The Congress-JD(S) alliance and the BJP were at least two hours behind schedule for their roadshows. The sun was blazing as farmer Basavegowda, 65, waited with fellow villagers for the entourage at T Hosahalli.
“We elected (chief minister) H D Kumaraswamy twice. What has he done? Have you seen the roads here?” he scowls.
And it is this sentiment that the BJP hopes to milk ahead of the November 3 bypoll for the Ramanagara Assembly constituency, the Vokkaliga heartland. The saffron party has fielded L Chandrashekhar, son of senior Congress leader C M Lingappa. He quit the Congress when the party failed to pay heed to his father’s demand that Ramanagara should not be ceded to the JD(S).
The BJP cadre is upbeat and hopes to make electoral gains given that the Congress has not been able to fully convince its workers about the alliance. However, there is also disappointment that tall Vokkaliga leaders like R Ashoka did little to improve the party’s prospects here.
Ramanagara is one of the old Mysuru districts where the rivalry between the Congress and JD(S) is legendary; there are Congress villages that have cut off ties with JD(S) villages and vice-versa. This will be the first election in four decades without a Congress-JD(S) fight. The party ceded the seat to its rival-turned-partner JD(S), which has fielded Anitha Kumaraswamy, the chief minister’s wife.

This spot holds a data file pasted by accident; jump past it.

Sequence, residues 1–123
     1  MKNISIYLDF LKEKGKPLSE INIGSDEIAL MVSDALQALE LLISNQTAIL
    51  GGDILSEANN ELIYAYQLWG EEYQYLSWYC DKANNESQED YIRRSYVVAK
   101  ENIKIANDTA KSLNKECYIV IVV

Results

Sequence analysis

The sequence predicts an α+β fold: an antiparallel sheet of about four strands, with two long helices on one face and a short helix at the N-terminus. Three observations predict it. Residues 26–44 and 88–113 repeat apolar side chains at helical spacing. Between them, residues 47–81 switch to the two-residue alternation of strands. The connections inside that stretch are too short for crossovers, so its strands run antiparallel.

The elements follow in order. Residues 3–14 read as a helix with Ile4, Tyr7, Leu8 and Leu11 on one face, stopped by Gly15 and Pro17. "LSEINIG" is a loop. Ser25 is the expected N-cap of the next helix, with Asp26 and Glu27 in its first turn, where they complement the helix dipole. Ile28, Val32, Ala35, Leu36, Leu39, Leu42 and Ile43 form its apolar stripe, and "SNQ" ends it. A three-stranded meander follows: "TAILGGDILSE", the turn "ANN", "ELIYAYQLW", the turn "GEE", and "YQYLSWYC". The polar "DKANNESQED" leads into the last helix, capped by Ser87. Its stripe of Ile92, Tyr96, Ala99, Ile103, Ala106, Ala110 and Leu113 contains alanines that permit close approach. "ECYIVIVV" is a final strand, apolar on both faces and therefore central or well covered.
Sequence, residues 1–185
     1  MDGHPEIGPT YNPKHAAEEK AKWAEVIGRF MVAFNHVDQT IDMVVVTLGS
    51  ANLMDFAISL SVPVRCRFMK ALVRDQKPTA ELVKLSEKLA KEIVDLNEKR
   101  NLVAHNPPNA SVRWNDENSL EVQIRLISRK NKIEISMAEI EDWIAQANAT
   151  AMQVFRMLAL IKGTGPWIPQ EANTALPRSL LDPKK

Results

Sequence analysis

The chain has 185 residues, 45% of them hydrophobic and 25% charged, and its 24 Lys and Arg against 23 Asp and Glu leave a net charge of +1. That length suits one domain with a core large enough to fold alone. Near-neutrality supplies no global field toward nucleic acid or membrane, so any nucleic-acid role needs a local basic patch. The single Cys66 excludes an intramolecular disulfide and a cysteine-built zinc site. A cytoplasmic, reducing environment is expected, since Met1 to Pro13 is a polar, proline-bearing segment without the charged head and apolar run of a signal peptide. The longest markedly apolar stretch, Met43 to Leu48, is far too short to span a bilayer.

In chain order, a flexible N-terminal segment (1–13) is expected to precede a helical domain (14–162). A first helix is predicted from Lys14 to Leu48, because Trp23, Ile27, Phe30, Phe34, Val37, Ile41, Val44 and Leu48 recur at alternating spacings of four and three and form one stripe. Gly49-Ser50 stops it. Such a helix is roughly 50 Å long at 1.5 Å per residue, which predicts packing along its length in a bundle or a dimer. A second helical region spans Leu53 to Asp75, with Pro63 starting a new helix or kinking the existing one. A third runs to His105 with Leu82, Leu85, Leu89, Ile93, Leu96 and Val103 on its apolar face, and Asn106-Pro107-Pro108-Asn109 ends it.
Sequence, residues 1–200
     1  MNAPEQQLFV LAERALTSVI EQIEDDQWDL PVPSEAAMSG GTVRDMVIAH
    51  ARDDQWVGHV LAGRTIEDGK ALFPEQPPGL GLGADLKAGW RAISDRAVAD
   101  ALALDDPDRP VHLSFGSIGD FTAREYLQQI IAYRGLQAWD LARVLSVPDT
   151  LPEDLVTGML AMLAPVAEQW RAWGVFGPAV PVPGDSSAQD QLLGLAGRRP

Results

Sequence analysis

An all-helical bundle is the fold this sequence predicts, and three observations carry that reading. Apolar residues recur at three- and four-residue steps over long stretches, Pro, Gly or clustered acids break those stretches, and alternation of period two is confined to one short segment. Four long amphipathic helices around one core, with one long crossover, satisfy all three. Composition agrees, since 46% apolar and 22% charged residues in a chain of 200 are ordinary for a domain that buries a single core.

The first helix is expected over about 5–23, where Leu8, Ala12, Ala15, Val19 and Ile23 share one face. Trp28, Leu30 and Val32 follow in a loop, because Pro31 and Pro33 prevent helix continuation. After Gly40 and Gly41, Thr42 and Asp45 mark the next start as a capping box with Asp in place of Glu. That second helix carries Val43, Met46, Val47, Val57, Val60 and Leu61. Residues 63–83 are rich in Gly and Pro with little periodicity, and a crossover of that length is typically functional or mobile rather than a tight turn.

Congress’ Bengaluru Rural MP D K Suresh, brother of party loyalist D K Shivakumar, finds himself in the undesirable situation of ensuring the victory of Anitha, whom he famously defeated in the 2013 Bengaluru Rural Lok Sabha byelection. Suresh has been accompanying her during canvassing.
The Ramanagara constituency is one of the two seats that Kumaraswamy contested in the recent Assembly elections in May. He retained Channapatna and resigned from Ramanagara, necessitating this bypoll.
Kumaraswamy, who enjoys immense popularity in the district, bagged over 92,000 votes in the last election. “I’m sure I will exceed that,” Anitha said. “My husband is now the CM and people have the confidence that more work can be done if I get elected.”
The BJP’s poll narrative is woven around how the foes turned friends.
“You’ve been voting for them for years like slaves. They don’t come to your village fearing rebuke over bad roads. Has Kumaraswamy visited your village even once? They’ve joined hands for the sake of power. Stop being blind now,” BJP Ramanagara president M Rudresh told villagers.